Perfecting Social Media Customer Care and 3 Big Mistakes to Avoid
Customers in 2018 expect immediate customer service via their preferred channel. This, of course, means readily available chat, email, or phone, but also social channels such as Twitter and Facebook. They want real two-way communication via these social channels, not auto-responses that don’t address the problem. These aren’t just platforms to share complaints and suggestions, but should ideally function as avenues for brands to satisfy people and make a real impact.
Unfortunately, many companies (even the big brands) aren’t doing social customer care the right way. Consider this story from a few years ago when Morton’s Steakhouse delighted its Twitter audience by delivering a meal to a diner at the Newark Airport. The diner sent a joking tweet about needing the meal, and the steakhouse pulled off delivery in just a few hours. This is a great example of a company using social media to exceed expectations, which is especially important for a company such as a high-end restaurant that prides itself on service.
JetBlue is another company that consistently earns high marks for its Twitter customer service. The company responds quickly to tweets but also takes the time to specifically answer questions, apologize for errors, and have fun with the responses. The JetBlue Twitter response team is allowed to engage with customers on a more personal level, which improves the levels of service and customer satisfaction. Unfortunately, for every example of quality social-based care, there are dozens of examples of severe fails. Here are several examples of companies not utilizing social media to its full potential.
1. Employing Robotic Responses
Social media customer care must be personal, and should ideally involve some two-way responses between actual people. AI tools found in chatbot programs are also becoming extremely sophisticated and can be quite effective for social media responses. However, companies should also have human teams manning these social accounts in order to provide answers that are outside of the scope of AI-powered auto-responders.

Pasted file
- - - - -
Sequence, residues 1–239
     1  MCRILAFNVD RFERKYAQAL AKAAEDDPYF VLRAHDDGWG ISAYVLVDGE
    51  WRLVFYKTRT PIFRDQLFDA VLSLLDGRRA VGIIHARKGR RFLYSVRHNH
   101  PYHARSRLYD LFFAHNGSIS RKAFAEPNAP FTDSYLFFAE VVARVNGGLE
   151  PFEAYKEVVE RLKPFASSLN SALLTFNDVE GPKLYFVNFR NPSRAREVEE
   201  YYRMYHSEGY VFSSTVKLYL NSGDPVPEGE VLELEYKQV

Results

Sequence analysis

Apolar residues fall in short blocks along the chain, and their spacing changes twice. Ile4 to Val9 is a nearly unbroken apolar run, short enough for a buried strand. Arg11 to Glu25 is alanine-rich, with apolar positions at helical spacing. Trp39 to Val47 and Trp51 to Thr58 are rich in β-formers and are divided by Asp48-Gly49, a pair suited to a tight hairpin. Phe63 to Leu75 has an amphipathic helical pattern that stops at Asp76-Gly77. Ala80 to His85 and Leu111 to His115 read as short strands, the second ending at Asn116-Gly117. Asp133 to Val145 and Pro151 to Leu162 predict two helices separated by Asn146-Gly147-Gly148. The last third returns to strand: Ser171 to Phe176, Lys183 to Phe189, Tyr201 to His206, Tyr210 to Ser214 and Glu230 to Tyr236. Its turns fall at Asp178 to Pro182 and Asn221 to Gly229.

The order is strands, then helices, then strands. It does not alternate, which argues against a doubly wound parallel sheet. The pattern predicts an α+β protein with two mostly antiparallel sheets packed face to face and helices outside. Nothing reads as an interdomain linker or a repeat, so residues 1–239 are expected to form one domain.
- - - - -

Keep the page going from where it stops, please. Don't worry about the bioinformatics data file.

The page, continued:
Brands are better off not offering social media accounts if they won’t provide effective and accurate responses through either people or sophisticated AI. If, for example, Customer A offers a compliment, while Customer B launches into a tirade about the brand’s product, they both can’t receive a generic “thank you for your support!” return tweet via an auto-responder. These types of responses are very tone deaf and can quickly go viral, such as this response from American Airlines to a complaining customer.
The key for brands is to provide consistent service across any channel. They should treat social media customer care with the same attention as their email or chat. A smart strategy is to move social media responses from the marketing department to the support team. Marketing can still control the messaging and promotions via Twitter or Facebook, but they aren’t equipped to resolve customer issues. The modern approach is to develop a “customer engagement center,” which is a more consolidated group of staff and technologies that can respond to customers and track their engagement as they move from channel to channel.